Poll: Most Brits Think Climate Change is a Major Threat, UKIP Supporters Less So

Read time: 3 mins
UKIP rosette

Correction 11 February 2019: This article was amended to correct the statistics on populist parties and political polarisation. The headline was also amended.

Most Brits consider climate change to be the greatest threat to the UK. But not everyone is worried. As you may expect, there are some significant political and demographic differences between those who list 'climate change' as the biggest threat, and those that are more worried about North Korea or Isis.

If you’re on the left and identify as a woman, you’re much more likely to think climate change is a threat. But if you’re a politically right-wing or a man, you’re much less likely to be worrying about global warming, according to a new report from Pew Research Centre.

Thinktank with Ties to Climate Science Denial Censured by Charity Commission for Hard Brexit Lobbying

Read time: 3 mins

A prominent London thinktank has been censured by the Charity Commission for explicitly lobbying for a hard Brexit.

The commission said the Institute for Economic Affairs (IEA) had breached rules regarding political activity, which are meant to prevent charities campaigning on issues outside of their charitable remit.

The IEA is officially registered as an educational charity. The commission ruled that the IEA's ‘Plan A+’ report was “calling for a change in government policy and for a particular approach to the UK’s exit from the European Union”, which “does not further educational purposes, and so constitutes a breach”.

Government Revisits Decision to Grant Planning Permission to the UK's Newest Coal Mine

Read time: 3 mins
Coal extraction at the Bradley mine

The government has agreed to revisit its decision to grant planning permission to a new coal mine in County Durham after admitting “a flaw” in the decision making-process. Residents have long argued that the mine would be inconsistent with the government’s coal phase-out plan.

The Department for Communities, Housing and Local Government has agreed to revisit the decision to allow the Bradley coal mine, in Pont Valley, to proceed after a judicial review was brought by local resident June Davison, who lives less than 300 metres from the mine.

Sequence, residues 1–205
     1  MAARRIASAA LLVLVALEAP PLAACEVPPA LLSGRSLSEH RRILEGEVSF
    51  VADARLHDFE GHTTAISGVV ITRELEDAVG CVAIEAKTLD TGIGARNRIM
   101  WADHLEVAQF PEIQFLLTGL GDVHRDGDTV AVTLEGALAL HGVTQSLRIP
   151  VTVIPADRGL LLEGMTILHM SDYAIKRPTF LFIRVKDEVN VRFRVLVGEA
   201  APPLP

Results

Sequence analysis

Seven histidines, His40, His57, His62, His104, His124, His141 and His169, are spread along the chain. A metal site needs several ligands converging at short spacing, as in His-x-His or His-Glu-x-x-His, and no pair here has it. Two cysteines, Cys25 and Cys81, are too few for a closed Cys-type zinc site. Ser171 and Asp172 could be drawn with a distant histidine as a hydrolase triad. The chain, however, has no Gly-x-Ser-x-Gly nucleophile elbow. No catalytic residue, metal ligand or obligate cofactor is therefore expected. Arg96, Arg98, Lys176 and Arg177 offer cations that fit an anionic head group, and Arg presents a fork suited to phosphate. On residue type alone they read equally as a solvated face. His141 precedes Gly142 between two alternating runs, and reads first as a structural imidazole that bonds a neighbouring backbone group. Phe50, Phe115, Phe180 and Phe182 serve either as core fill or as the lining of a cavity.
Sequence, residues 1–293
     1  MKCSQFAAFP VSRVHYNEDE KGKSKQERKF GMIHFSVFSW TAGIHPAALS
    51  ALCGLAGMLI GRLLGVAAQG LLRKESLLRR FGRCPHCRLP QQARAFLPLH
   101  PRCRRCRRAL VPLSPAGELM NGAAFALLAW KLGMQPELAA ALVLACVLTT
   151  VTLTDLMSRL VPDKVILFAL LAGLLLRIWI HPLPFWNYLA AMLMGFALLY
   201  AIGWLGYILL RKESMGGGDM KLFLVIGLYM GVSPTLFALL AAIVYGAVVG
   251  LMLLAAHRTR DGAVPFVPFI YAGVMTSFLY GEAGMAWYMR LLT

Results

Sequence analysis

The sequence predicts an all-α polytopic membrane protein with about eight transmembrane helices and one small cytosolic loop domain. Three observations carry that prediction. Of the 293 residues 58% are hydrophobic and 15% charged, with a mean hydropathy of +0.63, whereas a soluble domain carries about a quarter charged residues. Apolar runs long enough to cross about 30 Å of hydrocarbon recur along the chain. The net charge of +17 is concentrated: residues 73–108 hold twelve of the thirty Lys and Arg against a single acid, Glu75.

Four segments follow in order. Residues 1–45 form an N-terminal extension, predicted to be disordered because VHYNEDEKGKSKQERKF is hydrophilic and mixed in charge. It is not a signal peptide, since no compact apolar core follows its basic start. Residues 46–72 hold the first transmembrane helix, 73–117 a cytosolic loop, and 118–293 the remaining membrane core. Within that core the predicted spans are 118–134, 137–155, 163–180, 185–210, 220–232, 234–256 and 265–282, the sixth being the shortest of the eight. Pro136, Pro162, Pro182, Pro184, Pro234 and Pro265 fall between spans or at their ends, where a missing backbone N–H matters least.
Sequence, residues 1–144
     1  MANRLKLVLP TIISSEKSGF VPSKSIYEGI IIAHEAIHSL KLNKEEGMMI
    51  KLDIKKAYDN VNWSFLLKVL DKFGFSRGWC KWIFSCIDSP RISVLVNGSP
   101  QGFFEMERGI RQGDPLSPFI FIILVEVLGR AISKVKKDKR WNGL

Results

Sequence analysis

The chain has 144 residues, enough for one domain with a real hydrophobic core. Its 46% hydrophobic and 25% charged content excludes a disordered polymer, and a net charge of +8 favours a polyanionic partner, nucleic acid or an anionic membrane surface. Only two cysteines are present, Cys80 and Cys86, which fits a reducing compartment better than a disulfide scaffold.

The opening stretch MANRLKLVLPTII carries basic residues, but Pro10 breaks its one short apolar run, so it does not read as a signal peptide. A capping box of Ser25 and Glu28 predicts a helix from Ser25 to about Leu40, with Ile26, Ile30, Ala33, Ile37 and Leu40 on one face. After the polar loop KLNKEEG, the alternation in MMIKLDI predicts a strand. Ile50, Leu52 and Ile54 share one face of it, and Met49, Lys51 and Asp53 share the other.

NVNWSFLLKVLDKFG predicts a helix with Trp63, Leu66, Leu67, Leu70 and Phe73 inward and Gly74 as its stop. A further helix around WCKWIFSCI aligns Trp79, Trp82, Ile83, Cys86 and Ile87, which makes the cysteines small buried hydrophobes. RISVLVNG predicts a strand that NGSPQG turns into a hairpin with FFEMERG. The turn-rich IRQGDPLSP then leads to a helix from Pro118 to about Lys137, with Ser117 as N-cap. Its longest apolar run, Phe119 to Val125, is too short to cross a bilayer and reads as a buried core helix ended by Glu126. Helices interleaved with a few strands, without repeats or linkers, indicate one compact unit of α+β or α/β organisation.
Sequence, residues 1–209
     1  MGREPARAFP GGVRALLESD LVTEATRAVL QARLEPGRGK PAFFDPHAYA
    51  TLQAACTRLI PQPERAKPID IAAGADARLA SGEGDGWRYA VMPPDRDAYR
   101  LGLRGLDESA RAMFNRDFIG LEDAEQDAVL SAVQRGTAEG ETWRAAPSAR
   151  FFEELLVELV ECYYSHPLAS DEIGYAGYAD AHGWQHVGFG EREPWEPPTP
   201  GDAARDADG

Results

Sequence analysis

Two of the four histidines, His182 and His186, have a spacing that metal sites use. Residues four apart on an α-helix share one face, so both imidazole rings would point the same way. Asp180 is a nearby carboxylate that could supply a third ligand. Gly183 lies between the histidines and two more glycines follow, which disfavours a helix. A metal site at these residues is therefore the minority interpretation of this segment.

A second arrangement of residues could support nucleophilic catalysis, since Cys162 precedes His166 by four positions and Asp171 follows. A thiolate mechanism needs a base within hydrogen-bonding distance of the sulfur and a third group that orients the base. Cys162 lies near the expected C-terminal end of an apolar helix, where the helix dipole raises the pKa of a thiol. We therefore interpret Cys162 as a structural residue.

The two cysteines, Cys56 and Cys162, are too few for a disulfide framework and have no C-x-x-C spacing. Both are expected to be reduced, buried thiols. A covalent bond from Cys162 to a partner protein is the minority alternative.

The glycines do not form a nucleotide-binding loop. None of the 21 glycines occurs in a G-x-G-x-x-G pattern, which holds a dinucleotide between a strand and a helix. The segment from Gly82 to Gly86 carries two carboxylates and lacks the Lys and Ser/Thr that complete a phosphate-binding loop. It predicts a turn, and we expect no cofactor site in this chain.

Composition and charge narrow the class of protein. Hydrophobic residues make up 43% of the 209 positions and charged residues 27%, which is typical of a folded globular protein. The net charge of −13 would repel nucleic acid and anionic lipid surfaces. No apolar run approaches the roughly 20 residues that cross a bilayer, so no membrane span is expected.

Comment: Why It's Too Soon for Newspapers to Claim Gatwick Disruption is the Fault of an 'Eco-Warrior'

Read time: 4 mins

Many newspapers this morning have speculated that the current chaos at Gatwick airport is down to an “eco-warrior”. Their basis for this claim? Almost nothing.

The Telegraph’s frontpage reads “Environmental protestors suspected of orchestrating Gatwick drone chaos”. The Times has an article headlined “Gatwick chaos: Eco-warriors may be behind disruption”, and The Sun declares that the “hunt continues” for “eco-warrior drone pilot”.

So that’s three of the UK’s biggest newspapers, including its most widely circulated, making the connection between this mass disruption and “eco” activists.

Extinction Rebellion Demands BBC Improve Climate Coverage and Divest from Fossil Fuels

Read time: 3 mins
Extinction Rebellion sign

As a renowned public service broadcaster, the BBC is expected to set an example for global media. And the issue of climate change is no exception.

Extinction Rebellion, a campaign group becoming famous for its peaceful civil disobedience tactics, has submitted a letter to the BBC asking it “to play a key role in enabling the transformative change needed so that we can face this emergency together”.

Dodgy Deals, Climate Denial, and People Power — DeSmog UK's 2018 Year in Review

Read time: 9 mins
DeSmog UK frontpages

It has been quite a year - Brexit (still), Trump (still), and the inevitable crescendo towards the annual climate talks (which delivered a deal many think falls way short of the necessary action to avoid catastrophic climate change).

With the jingle bells ringing, and everyone rushing to get the 5.01pm train home for Christmas, now seems a good time to reflect on the year that’s (almost) past.